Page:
Brythonic languages

subfamily of Celtic languages, including Welsh, Cornish, Breton and Cumbric

The Brythonic languages are a language family of the Celtic languages. They are spoken in Brittany, Wales and Cornwall. While going extinct in the rest of the British Isles, the (recognised) regions include: Cumbria and Scotland, while still debated, Common Brittonic[1] was widely spoken across England.

Linguistic classification:Indo-European

There are three Brythonic languages:

And three extinct languages

Native speakers change

Cornish (Kernowek) is an extinct language.[2][3] A Cornish revival movement introduced the language to 557 people. Cornish is mainly a L2 (second language) for most, if not all, Cornish speakers.

Breton (Brezhoneg) is spoken mostly in Brittany,[4] With small communities of speakers in North-West regional France, although it is "severely endangered" .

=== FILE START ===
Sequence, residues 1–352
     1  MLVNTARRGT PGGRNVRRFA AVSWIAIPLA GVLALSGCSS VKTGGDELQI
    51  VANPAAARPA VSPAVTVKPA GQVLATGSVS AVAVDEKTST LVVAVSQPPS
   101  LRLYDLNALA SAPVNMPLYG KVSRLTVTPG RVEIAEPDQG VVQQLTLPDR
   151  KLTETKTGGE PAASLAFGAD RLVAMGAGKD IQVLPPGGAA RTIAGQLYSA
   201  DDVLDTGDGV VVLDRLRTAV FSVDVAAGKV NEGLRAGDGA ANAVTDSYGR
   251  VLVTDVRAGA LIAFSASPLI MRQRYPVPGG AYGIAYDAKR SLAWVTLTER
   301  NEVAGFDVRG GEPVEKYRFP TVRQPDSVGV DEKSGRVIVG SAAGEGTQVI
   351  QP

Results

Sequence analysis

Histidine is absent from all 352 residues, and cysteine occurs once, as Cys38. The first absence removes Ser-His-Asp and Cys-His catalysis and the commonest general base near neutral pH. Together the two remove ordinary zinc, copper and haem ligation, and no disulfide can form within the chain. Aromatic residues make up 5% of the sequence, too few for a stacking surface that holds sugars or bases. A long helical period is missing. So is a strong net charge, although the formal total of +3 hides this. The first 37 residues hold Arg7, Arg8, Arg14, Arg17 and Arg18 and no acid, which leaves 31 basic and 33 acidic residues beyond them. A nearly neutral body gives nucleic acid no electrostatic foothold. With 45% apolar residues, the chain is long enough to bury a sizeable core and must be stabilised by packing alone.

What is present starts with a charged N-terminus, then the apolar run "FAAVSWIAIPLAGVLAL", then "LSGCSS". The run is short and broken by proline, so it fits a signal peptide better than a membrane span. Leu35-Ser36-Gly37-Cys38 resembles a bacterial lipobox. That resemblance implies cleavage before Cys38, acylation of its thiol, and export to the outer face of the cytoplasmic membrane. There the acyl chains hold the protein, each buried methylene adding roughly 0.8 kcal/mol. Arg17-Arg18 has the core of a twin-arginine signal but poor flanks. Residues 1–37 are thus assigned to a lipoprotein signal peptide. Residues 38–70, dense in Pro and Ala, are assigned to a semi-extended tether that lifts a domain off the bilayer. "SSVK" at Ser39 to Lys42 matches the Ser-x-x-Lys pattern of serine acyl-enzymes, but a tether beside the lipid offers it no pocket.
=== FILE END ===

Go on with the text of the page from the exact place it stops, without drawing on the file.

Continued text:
Welsh (Cymraeg) is spoken by around 20% of the total population of Wales. Welsh has over 700,000 speakers in the whole of the United Kingdom. Welsh and English are both official languages in Wales.

References change

  1. "". Retrieved 2018-06-15.
  2. "THE HISTORY OF THE CORNISH LANGUAGE". CelticLife International. Retrieved 8 March 2018.
  3. Parry, John (1946). "The Revival of Cornish: An Dasserghyans Kernewek". PMLA. 61 (1). Modern Language Association: 258–268. doi:10.2307/459233. JSTOR 459233. S2CID 163898565.
  4. UNESCO Atlas of the World's languages in danger.